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June 2011
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August 2011

Federal Judge Tosses Suit Opposing Obama Funding of Stem Cell Research

Published July 27, 2011 | Associated Press

A federal judge is throwing out a lawsuit challenging the Obama administration's funding of embryonic stem cell research.

The lawsuit claimed the research violated a 1996 law that prohibits taxpayer financing for work that harms an embryo. But the Obama administration policy allows research on embryos that were culled long ago through private funding.

Full story.

Rare Coupling of Magnetic and Electric Properties in a Single Material

New multiferroic mechanism could lead to next-generation memory and sensing devices

UPTON, NY — Researchers at the U.S. Department of Energy’s Brookhaven National Laboratory have observed a new way that magnetic and electric properties — which have a long history of ignoring and counteracting each other — can coexist in a special class of metals. These materials, known as multiferroics, could serve as the basis for the next generation of faster and energy-efficient logic, memory, and sensing technology.

The researchers, who worked with colleagues at the Leibniz Institute for Solid State and Materials Research in Germany, published their findings online in Physical Review Letters on July 25, 2011.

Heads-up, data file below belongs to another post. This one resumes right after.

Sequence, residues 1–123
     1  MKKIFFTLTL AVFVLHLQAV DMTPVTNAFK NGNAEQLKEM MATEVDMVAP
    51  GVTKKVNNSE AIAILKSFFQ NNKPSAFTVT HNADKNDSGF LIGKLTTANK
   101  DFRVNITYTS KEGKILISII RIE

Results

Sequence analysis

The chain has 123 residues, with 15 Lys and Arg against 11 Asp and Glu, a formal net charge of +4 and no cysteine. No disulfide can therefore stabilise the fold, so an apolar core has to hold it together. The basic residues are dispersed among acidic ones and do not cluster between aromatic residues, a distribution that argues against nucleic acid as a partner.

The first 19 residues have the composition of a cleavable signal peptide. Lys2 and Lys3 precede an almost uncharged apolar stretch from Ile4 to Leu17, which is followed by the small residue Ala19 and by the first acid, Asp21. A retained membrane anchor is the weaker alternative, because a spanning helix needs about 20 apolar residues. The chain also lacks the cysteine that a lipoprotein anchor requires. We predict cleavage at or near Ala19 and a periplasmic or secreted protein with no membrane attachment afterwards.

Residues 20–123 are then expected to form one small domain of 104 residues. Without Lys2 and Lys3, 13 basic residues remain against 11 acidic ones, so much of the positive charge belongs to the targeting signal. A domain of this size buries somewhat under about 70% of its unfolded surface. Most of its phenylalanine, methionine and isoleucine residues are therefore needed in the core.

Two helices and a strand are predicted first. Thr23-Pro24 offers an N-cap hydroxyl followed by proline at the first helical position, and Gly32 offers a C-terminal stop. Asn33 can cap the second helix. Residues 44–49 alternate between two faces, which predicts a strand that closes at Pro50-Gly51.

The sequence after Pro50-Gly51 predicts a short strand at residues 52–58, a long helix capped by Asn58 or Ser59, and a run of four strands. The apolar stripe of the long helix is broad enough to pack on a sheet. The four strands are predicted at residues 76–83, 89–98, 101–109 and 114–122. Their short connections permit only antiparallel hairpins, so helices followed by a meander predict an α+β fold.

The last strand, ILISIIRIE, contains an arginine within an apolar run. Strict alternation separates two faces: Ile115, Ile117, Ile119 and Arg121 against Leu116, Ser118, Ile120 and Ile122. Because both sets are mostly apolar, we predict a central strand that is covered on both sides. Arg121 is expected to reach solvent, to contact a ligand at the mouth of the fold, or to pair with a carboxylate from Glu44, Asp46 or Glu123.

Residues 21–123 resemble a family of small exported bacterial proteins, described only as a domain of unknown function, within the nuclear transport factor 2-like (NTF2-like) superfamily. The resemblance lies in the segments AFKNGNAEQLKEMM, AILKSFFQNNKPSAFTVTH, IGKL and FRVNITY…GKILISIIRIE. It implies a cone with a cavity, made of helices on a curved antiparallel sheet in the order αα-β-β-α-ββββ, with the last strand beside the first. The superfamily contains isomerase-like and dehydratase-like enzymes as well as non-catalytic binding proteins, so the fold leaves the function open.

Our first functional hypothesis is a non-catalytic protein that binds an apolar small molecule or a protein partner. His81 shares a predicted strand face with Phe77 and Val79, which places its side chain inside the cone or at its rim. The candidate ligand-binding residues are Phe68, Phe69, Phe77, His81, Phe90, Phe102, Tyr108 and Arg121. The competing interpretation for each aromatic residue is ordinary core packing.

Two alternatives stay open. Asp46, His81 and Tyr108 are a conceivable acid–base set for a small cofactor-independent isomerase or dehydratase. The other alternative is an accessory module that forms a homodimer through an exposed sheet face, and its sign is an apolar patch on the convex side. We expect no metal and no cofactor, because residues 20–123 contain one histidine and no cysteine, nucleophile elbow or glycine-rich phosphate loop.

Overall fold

Ferromagnets are materials that display a permanent magnetic moment, or magnetic direction, similar to how a compass needle always points north. They assist in a variety of daily tasks, from sticking a reminder to the fridge door to storing information on a computer’s hard drive. Ferroelectrics are materials that display a permanent electric polarization — a set direction of charge — and respond to the application of an electric field by switching this direction. They are commonly used in applications like sonar, medical imaging, and sensors.

“In principle, the coupling of an ordered magnetic material with an ordered electric material could lead to very useful devices,” said Brookhaven physicist Stuart Wilkins, one of the paper’s authors. “For instance, one could imagine a device in which information is written by application of an electric field and read by detecting its magnetic state. This would make a faster and much more energy-efficient data storage device than is available today.”

But multiferroics — magnetic materials with north and south poles that can be reversed with an electric field — are rare in nature. Ferroelectricity and magnetism tend to be mutually exclusive and interact weakly with each other when they coexist.